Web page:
The use of emotions in developing awareness or attracting potential customers is an age-old method used by the marketers and sellers of the different eras. You can review the history of marketing for many such examples. Marketers used different types of emotions like joy, surprise and even fear in their marketing and advertising strategies to evoke an inclination towards their brand or product offerings. One of the classical examples of emotional branding is used by the ‘father of modern advertising’ Thomas J. Barratt in promoting Pears Soap. He used the painting of J.E. Millais’s grandson with the caption of bubbles. This particular advertising used the emotion of joy and innocence targeted for middle-class children group. Nike’s ‘find your greatness’ and Dove’s ‘Real beauty sketches’ campaigns are some more examples of successful emotional branding strategies.
So what do you think about the success of such campaigns? One thing is for sure that these brands used one of the six emotions that can better communicate their brand. Tell me if you can recall some 10 years old campaigns still fresh in your mind. The elements and emotions used in the campaign still have the power to reconnect with you. They can either make you smile or can make you weep with happy or sad tears. Thai Life Insurance’s ‘Unsung Hero’ ad is one such example using emotional branding making viewers shed happy tears. Marketers used emotions not just to enhance their brand name or attract customers. It plays a big role in building long-term relationships and loyalty between the brand and the customers.
Just think how you cherish the joyous moments in your life even after a gap of many years. Think how a bad experience in past can cause a fear in your heart that still send tremors when faced with similar circumstances. The basic mantra of using emotional branding is to tug the heartstrings of the customers, how the emotions and needs mingle together to create a likeness and necessity for the customer. I know it boggles your mind thinking how to connect all the dots. If you are given to work on emotional branding in your marketing assignment you need to think out of the box. Of course, you need to follow the basic instructions provided by your teacher but you need to do more if you want to increase your grades.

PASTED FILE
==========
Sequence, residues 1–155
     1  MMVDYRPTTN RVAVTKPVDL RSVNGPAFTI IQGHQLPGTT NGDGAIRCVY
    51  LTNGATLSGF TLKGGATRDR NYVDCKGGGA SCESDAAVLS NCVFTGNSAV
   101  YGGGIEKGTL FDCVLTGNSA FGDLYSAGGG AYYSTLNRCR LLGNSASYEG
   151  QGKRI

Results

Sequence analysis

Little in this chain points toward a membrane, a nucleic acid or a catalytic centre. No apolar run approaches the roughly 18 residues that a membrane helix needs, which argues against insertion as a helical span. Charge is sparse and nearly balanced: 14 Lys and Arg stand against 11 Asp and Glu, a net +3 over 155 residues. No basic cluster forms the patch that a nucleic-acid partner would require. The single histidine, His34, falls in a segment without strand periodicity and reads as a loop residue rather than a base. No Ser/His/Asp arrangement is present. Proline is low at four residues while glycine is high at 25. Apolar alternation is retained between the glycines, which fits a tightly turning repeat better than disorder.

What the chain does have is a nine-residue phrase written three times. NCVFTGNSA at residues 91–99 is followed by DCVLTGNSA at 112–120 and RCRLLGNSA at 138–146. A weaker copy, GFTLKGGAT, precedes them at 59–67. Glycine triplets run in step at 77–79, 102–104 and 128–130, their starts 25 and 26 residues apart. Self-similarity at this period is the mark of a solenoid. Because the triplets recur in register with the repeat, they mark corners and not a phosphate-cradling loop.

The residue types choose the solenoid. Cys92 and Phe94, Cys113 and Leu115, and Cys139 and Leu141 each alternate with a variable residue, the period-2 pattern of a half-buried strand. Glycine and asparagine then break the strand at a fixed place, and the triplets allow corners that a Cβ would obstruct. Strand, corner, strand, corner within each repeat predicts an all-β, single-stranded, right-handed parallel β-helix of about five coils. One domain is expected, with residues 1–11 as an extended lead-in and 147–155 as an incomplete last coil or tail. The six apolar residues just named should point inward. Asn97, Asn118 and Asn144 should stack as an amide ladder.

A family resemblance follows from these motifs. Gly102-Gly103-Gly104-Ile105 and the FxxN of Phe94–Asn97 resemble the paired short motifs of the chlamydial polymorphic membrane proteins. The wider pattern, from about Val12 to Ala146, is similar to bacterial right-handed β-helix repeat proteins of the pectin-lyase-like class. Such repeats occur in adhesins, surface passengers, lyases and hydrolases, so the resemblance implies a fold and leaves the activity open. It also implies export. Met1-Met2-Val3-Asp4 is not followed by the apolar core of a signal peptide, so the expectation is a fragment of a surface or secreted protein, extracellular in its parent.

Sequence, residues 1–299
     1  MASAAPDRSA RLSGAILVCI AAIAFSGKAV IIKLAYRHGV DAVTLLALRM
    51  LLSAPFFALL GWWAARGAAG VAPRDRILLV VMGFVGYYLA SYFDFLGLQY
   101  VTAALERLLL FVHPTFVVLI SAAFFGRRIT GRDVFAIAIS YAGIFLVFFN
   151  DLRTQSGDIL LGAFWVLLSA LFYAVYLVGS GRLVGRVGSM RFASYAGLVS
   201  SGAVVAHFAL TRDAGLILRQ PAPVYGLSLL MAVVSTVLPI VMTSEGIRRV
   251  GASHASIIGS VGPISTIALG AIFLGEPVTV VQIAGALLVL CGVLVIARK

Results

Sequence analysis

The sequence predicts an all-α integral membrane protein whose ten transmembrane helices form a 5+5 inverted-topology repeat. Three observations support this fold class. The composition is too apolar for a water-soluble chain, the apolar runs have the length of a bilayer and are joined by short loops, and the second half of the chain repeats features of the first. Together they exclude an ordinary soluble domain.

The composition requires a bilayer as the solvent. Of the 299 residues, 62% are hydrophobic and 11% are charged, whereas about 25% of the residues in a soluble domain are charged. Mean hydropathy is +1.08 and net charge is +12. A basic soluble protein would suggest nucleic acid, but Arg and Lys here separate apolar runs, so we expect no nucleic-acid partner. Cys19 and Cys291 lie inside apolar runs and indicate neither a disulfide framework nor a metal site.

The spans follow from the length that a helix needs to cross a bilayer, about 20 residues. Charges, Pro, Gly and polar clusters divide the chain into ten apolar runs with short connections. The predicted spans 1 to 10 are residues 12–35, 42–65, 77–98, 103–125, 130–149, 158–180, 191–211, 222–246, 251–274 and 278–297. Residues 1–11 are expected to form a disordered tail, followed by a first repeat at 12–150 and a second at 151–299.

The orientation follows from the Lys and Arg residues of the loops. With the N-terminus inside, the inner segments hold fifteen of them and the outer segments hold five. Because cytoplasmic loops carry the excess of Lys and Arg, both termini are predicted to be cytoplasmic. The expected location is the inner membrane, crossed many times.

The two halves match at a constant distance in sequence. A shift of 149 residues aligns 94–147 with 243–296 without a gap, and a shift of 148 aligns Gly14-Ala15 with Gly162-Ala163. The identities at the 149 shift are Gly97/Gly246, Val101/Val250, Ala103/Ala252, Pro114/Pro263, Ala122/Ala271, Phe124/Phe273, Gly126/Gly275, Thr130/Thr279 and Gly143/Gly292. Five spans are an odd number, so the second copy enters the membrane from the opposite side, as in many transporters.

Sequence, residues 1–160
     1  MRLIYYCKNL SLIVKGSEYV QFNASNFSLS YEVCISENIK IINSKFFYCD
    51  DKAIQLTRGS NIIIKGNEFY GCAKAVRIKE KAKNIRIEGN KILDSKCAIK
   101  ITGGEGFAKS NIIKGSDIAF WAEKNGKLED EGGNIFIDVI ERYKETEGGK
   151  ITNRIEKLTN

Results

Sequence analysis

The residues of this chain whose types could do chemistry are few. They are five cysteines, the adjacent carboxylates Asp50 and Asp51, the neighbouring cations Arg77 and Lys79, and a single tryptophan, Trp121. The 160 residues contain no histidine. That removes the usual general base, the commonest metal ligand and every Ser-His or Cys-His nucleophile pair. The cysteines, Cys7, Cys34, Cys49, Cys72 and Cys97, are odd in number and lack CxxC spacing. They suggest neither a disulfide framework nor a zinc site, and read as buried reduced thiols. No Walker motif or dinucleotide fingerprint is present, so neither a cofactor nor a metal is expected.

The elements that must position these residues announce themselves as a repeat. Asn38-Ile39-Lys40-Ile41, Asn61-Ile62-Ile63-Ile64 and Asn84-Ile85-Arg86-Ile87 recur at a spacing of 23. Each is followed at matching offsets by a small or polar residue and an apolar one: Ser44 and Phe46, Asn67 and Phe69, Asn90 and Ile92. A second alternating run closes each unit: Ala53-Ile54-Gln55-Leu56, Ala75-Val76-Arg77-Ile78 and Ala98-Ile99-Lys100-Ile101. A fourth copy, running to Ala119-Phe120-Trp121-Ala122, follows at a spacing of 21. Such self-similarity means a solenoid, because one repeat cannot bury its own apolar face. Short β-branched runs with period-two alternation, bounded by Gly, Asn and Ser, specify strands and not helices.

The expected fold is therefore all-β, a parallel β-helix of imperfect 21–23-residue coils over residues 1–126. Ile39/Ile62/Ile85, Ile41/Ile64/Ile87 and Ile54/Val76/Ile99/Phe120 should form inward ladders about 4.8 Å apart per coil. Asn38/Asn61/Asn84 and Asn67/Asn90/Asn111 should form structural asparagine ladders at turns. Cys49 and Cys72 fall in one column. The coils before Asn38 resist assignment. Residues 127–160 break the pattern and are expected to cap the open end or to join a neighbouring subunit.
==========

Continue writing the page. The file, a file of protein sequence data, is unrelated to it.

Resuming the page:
Irrespective of the nature of the product/service you first need to identify how your product will emotionally connect with the target group. As a potential customer, you will always seek for the USPs in a brand while making a purchasing decision. Now think as a customer how the USPs of the brand will make you feel. Will the brand/ product bring you the benefits and joys of using it? What do others say about this brand? How much will you accomplish with your goal after using the brand? As a customer, you will always go for the positive vibes from the brand rather than the pains you may face while using the brand. Remember to keep these basic points while you are writing about emotional branding.
Applying branding and needs theories in the content is usually described in most of the marketing and advertising assignments. You cannot avoid applying theories and models as they support and validates your explanations in your assignments. You can twist your grades by touching the core requirement in emotional branding. If you are working with an already established brand then you need to focus on the concept of perception and intimacy as well. Take Nike’s example for instance. Their emotional branding strategy focussed on ‘Heroism’ was an effort to build customer loyalty. An emotional branding strategy for a new brand in the market, however, can be a hard nut to crack but can still work wonders if executed properly.
Remember to elaborate all the features and benefits of the brand that can emotionally connect with the customers. Today’s digital world has already created a vast platform for connecting to people anywhere in the globe for increasing business and social networks. You must ensure that your emotional branding strategy stands out amongst the clutter of similar strategies to win and engage people’s interests in the long-run.